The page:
Stop chinch bugs before they multiply
Keep a watchful eye out for chinch bugs in St. Augustine grass. Straw-colored grass along sidewalks, driveways or the street is usually the first sign of this pest.
According to a University of Florida IFAS Extension publication on chinch bug management in St. Augustine grass, rapid growth resulting from frequent applications of water-soluble nitrogen fertilizers may increase southern chinch bug survival, development time and the number of eggs that the insects can lay. Responsible use of slow-release nitrogen fertilizers may help reduce pest population buildup ( edis.ifas.ufl.edu/LH036).
Young chinch bugs are red and hidden in the sheaths of the grass. As they mature and become adults they are still pretty small, only about a fifth of an inch long. Their color changes to black and white and they develop wings.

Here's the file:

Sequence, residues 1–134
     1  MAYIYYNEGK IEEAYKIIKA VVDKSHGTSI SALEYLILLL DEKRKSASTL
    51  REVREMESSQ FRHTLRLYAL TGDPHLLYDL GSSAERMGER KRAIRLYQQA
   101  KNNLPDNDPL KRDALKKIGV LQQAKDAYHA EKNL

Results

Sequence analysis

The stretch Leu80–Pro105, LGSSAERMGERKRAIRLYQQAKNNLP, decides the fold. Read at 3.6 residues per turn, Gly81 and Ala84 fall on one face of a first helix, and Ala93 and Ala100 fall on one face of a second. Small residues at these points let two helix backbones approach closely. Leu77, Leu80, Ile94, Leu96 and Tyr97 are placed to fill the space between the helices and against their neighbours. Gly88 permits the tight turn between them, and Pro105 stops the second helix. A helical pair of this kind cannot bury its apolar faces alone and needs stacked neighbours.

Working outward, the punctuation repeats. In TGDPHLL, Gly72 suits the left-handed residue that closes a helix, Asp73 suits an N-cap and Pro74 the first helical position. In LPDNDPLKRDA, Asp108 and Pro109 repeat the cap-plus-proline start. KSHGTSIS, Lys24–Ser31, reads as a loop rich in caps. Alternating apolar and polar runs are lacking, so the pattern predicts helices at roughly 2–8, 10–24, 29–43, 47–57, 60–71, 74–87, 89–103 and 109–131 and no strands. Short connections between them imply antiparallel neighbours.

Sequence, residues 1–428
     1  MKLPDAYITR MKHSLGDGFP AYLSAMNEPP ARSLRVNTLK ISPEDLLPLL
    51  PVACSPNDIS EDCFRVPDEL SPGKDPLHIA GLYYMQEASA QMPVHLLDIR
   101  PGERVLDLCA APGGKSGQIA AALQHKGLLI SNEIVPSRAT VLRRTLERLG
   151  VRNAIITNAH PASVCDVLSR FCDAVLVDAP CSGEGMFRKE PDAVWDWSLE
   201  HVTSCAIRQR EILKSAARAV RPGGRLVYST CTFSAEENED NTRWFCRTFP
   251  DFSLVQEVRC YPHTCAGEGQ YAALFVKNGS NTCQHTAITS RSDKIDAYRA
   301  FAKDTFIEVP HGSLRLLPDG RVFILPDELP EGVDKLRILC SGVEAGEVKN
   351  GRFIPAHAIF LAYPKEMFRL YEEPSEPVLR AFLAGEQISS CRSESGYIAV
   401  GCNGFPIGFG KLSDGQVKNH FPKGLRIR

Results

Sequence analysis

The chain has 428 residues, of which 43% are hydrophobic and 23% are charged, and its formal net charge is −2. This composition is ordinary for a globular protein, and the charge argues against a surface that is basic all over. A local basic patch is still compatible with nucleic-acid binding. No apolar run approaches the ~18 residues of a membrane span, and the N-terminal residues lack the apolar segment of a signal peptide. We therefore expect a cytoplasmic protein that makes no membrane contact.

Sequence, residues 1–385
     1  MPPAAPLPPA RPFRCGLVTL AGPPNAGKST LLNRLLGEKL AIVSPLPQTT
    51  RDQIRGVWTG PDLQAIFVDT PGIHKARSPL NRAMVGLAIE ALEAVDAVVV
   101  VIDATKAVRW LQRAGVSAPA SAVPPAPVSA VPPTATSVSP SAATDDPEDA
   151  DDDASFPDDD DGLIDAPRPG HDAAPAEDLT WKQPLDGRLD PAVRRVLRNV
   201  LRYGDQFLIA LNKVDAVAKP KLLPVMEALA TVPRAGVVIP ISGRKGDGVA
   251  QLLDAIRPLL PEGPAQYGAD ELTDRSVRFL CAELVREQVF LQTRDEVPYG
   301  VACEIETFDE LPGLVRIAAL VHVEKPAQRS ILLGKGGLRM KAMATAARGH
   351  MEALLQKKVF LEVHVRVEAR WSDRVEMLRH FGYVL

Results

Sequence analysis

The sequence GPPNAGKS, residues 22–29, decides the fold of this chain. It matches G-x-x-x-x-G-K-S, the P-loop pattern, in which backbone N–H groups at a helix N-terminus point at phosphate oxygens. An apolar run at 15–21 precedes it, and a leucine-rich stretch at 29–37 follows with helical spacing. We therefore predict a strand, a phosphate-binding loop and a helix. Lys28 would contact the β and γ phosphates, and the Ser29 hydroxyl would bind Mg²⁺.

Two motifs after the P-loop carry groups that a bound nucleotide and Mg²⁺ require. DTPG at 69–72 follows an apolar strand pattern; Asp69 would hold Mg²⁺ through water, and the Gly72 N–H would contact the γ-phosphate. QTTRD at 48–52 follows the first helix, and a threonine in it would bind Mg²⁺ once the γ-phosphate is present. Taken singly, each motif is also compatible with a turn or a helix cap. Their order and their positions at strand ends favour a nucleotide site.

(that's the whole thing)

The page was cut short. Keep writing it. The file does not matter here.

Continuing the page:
Chinch bugs can kill large areas of St. Augustine lawns if allowed to feed freely.
Bahiagrass can take a heating
Bahiagrass is one of the better drought-tolerant grasses for this area and can survive our driest month easily. It may be a bit brown, but it does not die. Bahiagrass can be started from seed or sod, but it is best to wait until the rainy season to plant or rejuvenate this type of lawn. Seeding can be done until about mid September.
Source: Theresa Badurek, Urban Horticulture Extension Agent, UF/IFAS Pinellas County Extension Service. For additional landscape and garden information, visit the website at pinellascountyextension.org. Go to Facebook to get regular tips and information about what's growing in Pinellas at: facebook.com/growpinellas.